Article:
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Volume 7, 1874
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8. Tinirau, and Hine-te-iwaiwa.

Tinirau was spoken of as the most handsome man of his time; and when his fame reached the ears of Hine-te-iwaiwa she was determined to have him. So she made up her mind to go to the place where he lived. Her heart was already so full of him that, as she went along the sea shore every time she found a fish thrown up by the waves, she sang, “Fish, fish, art not thou a fish thrown here by Tinirau?” When she came to Tinirau's place, and before she was seen by any one, she found his looking-glass wells, where Tinirau used to go to dress and to look at his handsome image in the water. There were three wells, with railings and sheltered seats. She broke all the railings and the shelter.

Now it happened that two servants of Tinirau's house passed by the wells. The name of one servant was Ruru-mahara (remembering, or intelligent owl), and that of the other Ruru-wareware (forgetful, or stupid owl). When they came home, Intelligent Owl said that Tinirau's looking-glass wells were broken. Tinirau, upon hearing this, asked for the particulars. Stupid Owl said, “I saw nothing broken; the wells are all right.” “But they are broken,” said Intelligent Owl, “I have seen it.” “I saw nothing broken,” said Stupid Owl. Then Tinirau said he would go and see for himself.

When he came to the place, there stood Hine, by the broken wells. She darted a flash of lightning at him; he darted a flash of lightning at her; and then they fell in love with each other, and sat down together and talked of love. When they had sat awhile, Tinirau said to Hine, “Let us go home.” “No,” she replied,” “let us stay here.” “But we have nothing to eat here,” said he. Then she chanted—

"Let down, let down! drop down, drop down!"

and there lay a heap of food by their side. Toward evening, when the air began to feel chilly, Tinirau said again, “Let us go home.” “No,” said she, “let us stay here.” But the night is chill, and we have no warm clothes here.” Again she chanted—

"Let down, let down! drop down, drop down!"

and there lay a heap of warm clothes by their side.

Tinirau had two wives at home. The name of one was Makai-atua-uriuri, and that of the other Makai-atua-haehae. When Tinirau did not come home, the wives, next day, sent the two servants to look for him. When the

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servants came back, the wives asked, “Have you seen him?” “Yes.” “Where is he?” “By the wells.” “What is he doing there?” “He is not alone,” said Intelligent Owl, “there is some one with him.” “I saw no one with him,” said Stupid Owl, “he was quite alone.” “He was not alone,” said Intelligent Owl, “there was some one with him.” “No, there was no one with him,” said Stupid Owl. Then Intelligent Owl said, as if in desperation, “I assure you I saw two heads and four feet.” That was enough for the wives; they both got up, each armed with a club, and went to the wells.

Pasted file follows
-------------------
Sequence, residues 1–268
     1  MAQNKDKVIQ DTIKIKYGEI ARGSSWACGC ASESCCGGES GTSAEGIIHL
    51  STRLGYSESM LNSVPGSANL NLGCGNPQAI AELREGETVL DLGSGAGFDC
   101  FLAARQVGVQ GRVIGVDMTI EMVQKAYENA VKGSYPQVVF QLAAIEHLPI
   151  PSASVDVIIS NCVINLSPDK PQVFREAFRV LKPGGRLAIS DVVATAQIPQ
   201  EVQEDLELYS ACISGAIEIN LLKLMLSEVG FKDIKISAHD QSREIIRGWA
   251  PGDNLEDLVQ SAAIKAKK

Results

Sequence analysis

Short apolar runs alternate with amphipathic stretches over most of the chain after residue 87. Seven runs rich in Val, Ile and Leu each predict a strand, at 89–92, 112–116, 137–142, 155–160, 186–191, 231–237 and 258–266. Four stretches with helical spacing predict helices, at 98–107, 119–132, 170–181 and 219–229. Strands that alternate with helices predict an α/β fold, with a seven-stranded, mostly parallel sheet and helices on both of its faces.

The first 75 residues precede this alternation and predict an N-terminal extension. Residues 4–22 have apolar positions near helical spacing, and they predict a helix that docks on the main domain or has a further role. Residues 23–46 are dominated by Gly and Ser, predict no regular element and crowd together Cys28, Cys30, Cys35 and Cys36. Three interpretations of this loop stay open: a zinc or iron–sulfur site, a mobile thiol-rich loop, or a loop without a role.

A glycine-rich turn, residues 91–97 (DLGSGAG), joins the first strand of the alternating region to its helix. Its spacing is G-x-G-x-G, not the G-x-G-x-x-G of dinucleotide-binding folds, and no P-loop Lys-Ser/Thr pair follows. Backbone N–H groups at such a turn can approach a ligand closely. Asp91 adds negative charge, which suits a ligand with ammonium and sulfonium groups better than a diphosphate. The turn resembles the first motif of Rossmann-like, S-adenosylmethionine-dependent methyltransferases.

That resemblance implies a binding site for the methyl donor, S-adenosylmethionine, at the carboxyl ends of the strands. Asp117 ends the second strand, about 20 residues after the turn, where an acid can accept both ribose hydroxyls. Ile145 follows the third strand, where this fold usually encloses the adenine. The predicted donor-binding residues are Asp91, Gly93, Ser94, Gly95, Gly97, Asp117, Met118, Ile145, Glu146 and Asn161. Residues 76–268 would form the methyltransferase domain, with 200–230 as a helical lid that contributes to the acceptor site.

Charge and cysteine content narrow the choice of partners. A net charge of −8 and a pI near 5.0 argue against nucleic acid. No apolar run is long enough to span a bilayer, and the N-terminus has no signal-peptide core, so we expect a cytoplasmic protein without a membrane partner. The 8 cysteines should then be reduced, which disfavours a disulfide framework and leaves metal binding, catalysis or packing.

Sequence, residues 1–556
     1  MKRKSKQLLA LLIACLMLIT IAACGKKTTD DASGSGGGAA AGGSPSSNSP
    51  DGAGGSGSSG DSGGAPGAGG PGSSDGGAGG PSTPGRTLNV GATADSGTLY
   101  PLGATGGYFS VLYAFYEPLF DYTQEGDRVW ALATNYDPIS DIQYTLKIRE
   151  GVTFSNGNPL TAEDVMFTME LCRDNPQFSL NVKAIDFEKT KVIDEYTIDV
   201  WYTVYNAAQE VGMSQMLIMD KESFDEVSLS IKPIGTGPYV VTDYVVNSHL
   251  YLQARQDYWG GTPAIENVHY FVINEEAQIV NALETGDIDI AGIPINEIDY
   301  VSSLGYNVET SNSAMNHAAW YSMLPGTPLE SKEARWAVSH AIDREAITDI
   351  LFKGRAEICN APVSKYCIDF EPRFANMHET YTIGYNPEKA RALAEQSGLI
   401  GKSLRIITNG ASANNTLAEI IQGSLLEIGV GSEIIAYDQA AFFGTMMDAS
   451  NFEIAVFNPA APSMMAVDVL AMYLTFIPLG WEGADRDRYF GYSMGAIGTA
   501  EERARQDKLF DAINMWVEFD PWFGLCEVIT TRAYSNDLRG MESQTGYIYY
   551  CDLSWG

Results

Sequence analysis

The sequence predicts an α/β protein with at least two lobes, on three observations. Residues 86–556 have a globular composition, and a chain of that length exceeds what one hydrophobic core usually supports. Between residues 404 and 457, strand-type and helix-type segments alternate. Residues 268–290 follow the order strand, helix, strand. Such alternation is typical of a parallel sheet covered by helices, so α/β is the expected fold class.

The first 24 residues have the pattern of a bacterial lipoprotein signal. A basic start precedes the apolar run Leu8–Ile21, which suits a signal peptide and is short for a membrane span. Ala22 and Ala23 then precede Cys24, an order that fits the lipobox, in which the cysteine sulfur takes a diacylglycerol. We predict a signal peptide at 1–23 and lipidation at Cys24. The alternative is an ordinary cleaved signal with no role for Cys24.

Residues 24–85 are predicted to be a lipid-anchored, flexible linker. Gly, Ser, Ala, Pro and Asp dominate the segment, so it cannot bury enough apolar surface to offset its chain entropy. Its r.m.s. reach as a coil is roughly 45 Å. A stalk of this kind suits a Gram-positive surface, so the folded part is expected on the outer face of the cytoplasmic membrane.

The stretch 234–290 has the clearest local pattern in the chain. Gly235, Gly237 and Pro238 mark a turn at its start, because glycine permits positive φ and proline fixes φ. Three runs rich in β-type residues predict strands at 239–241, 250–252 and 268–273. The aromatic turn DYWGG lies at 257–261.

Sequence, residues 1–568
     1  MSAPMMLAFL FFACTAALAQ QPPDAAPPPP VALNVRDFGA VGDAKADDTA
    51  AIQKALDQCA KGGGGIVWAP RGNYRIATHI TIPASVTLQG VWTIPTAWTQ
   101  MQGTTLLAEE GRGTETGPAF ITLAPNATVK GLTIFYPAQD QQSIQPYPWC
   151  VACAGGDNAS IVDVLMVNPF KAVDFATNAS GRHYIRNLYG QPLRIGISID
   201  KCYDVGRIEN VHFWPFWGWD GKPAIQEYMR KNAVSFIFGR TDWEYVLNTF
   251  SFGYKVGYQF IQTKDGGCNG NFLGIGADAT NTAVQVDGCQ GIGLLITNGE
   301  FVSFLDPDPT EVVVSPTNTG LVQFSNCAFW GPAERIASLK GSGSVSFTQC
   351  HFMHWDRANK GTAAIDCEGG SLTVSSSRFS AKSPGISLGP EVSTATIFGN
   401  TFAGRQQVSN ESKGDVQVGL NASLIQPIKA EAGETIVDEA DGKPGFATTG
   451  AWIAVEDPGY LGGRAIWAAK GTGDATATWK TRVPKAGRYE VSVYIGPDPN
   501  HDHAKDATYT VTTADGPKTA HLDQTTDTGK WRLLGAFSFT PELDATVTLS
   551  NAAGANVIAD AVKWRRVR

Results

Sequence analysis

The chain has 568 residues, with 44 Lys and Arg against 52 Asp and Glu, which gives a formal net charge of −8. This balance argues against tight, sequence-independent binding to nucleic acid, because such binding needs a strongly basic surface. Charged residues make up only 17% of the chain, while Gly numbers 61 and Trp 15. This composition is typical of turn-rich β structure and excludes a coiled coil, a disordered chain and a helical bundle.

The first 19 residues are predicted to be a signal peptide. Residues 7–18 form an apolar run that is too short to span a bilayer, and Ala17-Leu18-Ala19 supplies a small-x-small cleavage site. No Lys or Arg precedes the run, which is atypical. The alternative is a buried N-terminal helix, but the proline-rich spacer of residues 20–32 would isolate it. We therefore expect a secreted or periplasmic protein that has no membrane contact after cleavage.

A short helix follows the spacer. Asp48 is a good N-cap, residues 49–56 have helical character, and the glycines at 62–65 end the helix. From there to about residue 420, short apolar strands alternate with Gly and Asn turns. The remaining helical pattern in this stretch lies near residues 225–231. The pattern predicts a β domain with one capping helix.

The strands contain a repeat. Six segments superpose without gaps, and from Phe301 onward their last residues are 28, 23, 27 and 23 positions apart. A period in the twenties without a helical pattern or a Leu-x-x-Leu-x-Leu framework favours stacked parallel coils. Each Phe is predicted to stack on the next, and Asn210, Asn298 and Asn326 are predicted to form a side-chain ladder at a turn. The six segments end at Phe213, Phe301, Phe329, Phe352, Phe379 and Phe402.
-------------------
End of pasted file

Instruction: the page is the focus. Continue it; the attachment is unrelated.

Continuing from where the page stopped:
When they were seen coming, Tinirau said to Hine, “There come your sisters-in-law; now defend yourself.” Hine replied, “If they come with evil intent, I shall be a match for them.” Then she caught up a flint in one hand and a club in the other, and stood on her defence. First, one of the wives aimed a blow at her head, but missed, because Hine jumped aside, and at the same time struck her assailant with the club and killed her. Then the other wife struck at her, but missed also, and was at the same time killed by Hine, with the flint in her other hand.

Now the two lived happily together for some time. In due time also a child was born. But their happiness was disturbed by a brother of Hine, called Rupe. In former heathen times Maori brothers could sometimes be cruel to their sisters, their love to them being of such a selfish nature that they disregarded their sisters' happiness. But this brother appears here more like a spirit than a brother of flesh and blood. One day Tinirau and Hine with their child were sitting in the pleasant shade, and were very happy, cleaning each others heads, when all at once there came a cloud of thick mist, shaped like a large owl. This misty apparition contracted and became a man, who sat down by them and began to cry, as was the custom when long separated friends met again. In the cry the stranger sobbed: